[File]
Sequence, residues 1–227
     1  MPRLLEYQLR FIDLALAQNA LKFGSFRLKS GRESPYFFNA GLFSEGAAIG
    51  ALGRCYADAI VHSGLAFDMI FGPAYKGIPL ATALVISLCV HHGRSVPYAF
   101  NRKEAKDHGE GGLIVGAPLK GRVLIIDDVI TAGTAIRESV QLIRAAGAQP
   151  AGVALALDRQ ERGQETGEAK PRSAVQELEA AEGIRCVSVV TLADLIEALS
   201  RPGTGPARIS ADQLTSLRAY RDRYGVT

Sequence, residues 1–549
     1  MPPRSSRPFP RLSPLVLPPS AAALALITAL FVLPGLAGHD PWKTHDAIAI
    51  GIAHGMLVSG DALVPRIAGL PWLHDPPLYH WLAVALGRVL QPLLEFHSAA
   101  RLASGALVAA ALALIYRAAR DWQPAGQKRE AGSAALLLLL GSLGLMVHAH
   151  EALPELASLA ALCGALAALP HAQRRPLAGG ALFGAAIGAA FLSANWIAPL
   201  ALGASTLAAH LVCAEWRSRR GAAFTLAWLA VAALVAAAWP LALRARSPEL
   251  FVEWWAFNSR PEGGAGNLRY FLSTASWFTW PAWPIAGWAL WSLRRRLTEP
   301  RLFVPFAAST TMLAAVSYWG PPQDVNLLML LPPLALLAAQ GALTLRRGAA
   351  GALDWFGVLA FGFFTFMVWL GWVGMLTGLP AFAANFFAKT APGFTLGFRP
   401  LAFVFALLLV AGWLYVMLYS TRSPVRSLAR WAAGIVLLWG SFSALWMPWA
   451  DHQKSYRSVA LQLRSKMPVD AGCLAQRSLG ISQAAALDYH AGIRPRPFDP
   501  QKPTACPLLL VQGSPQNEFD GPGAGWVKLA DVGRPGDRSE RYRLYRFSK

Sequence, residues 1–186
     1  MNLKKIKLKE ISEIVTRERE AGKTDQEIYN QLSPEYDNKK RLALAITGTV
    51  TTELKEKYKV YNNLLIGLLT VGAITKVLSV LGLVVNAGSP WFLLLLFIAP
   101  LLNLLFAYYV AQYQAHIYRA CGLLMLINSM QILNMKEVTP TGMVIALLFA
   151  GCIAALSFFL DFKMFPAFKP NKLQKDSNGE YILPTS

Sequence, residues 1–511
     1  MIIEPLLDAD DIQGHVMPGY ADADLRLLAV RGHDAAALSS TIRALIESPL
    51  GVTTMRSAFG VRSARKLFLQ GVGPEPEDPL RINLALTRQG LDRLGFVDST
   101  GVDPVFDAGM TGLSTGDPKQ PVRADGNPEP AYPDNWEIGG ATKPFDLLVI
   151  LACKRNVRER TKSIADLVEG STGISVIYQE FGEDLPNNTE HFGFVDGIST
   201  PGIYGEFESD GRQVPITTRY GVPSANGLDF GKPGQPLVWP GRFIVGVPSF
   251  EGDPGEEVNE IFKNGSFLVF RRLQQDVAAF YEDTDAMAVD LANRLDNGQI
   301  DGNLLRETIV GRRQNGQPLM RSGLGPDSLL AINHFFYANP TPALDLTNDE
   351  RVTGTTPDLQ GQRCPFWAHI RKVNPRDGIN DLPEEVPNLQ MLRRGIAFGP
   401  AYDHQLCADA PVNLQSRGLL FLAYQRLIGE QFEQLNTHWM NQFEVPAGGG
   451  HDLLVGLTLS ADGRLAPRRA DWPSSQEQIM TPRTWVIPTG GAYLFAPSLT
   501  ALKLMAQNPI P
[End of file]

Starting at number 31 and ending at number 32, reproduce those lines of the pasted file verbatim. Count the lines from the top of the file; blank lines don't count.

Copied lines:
   301  DGNLLRETIV GRRQNGQPLM RSGLGPDSLL AINHFFYANP TPALDLTNDE
   351  RVTGTTPDLQ GQRCPFWAHI RKVNPRDGIN DLPEEVPNLQ MLRRGIAFGP